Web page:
Adulteres! Caused by Nannies
Mothers who outsource the care of their sons to other women may be
inadvertently raising adulterers. Or so claims Dr. Dennis Friedman in a
book that has kicked up a bit of a ruckus in Britain. A Fellow of the
Royal College of Psychiatrists, the doctor argues that men become
womanizers because their mothers left them with nannies.
According to Friedman, having two women care for a baby boy may
cause his little brain to internalize the idea that there are multiple
females to meet his needs. "It introduces him to the concept of the
other woman," he said in London’s Daily Telegraph. He explicates the relationship in his book The Unsolicited Gift: Why We Do The Things We Do, which explores how a mother’s love for her offspring can determine how those children behave as adults. (See the mobile apps that make adultery easier.)
Girls are affected by nannies too. Not having her mother around
creates in the infant female a "vacuum of need," says Friedman, which
she might try to fill in later life with substance abuse or promiscuity
— presumably with those married men in her social circle who were also
raised by nannies.
But it is the thesis concerning boys that has been more
controversial. Having two maternal objects, says Friedman, "creates a
division in [the boy’s] mind between the woman he knows to be his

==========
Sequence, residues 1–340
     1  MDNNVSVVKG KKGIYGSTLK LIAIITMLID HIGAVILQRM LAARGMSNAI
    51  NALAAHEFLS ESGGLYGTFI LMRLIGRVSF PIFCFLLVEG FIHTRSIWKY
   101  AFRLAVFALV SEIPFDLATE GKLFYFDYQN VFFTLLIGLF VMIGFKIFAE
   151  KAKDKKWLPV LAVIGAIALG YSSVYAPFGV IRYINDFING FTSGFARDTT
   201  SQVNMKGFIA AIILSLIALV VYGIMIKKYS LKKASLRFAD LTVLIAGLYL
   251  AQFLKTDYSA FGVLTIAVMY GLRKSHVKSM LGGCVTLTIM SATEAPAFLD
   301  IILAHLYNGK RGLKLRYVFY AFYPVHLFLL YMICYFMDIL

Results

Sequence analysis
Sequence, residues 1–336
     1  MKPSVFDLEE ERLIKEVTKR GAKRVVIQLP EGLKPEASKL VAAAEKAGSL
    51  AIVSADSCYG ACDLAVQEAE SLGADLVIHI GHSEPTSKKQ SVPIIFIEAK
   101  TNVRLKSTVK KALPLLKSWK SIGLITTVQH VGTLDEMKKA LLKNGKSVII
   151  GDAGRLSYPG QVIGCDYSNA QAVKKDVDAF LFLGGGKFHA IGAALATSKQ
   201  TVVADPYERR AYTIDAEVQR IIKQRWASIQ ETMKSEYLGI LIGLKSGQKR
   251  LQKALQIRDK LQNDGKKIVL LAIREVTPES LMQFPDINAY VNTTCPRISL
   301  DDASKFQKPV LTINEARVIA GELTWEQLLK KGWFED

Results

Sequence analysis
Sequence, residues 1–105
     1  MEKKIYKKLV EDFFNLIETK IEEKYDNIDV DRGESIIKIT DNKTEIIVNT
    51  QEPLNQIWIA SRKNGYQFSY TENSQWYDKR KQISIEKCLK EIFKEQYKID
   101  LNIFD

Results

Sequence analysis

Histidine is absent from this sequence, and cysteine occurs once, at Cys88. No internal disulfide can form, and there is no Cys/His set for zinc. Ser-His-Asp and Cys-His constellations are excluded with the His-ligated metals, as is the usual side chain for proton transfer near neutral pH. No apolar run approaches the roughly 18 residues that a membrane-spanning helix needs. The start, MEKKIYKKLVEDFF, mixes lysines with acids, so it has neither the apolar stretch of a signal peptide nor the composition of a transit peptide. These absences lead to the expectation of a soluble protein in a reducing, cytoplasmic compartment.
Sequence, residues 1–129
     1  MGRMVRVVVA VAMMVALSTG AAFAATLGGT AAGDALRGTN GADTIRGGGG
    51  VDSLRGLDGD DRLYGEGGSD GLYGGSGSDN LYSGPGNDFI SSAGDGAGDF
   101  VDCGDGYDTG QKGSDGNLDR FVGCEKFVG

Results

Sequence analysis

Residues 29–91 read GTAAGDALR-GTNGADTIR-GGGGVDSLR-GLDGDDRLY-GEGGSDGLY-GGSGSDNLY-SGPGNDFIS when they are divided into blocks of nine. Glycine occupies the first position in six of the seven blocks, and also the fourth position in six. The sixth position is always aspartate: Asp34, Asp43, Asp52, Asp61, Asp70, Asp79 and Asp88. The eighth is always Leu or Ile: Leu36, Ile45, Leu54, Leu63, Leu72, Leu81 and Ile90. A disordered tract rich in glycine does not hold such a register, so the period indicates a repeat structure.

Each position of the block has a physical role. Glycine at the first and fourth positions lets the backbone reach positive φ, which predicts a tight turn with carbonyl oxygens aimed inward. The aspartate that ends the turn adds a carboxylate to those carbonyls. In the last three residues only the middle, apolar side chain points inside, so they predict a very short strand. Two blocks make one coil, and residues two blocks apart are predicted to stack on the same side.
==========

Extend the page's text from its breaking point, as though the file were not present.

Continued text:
natural mother and the woman with whom he has a real hands-on
relationship: the woman who bathes him and takes him to the park, and
with whom he feels completely at one." This dual-woman life, one for
family and one for catering to his every need, might become a set
pattern in his mind, so that when he grows up and feels like his needs
are not being met, he strays beyond the home. (See the top 10 mistresses.)
Friedman suggests mothers should not work, or if they must, should
not return to work until their children are at least 1 year old.
Critics, and many, many working mothers, quickly pointed out that he
offers no statistics for his theory (as in, exactly how many nannies
Tiger Woods must have had), nor does his proposal seem particularly
practical, since many women have little choice but either to return to
work after having children or to not feed said children. Additionally,
it rankled many women that Friedman lays the blame for men’s fidelity
issues on females. If it’s not the inattentive wife who drives a man
into another woman’s arms — it’s his inattentive mother.
It also doesn’t make developmental sense, says Dr. Jean Mercer,
professor emerita of Psychology at Richard Stockton College in New
Jersey, who specializes in infant development. "Babies don’t form
attachments solely to their mothers — they become attached also to
fathers, grandparents, nannies, child-care providers, older brothers
and sisters, or anyone else who interacts with them socially and
frequently participates in care routines like feeding and bathing."
These relationships are healthy and part of normal development. And
becoming attached to a nanny doesn’t equal becoming detached from a
mother, or that the two are interchangeable. "A nanny or other person
is added to the existing relationships most babies have."
It’s unclear how wide a cross section of society Friedman used to
draw his conclusions, but it’s possible they may have been a bit
skewed. His previous three books were explorations of the psychology of
a small but prominent group of people with powerful matriarchs and lots
and lots of nannies: the British royal family.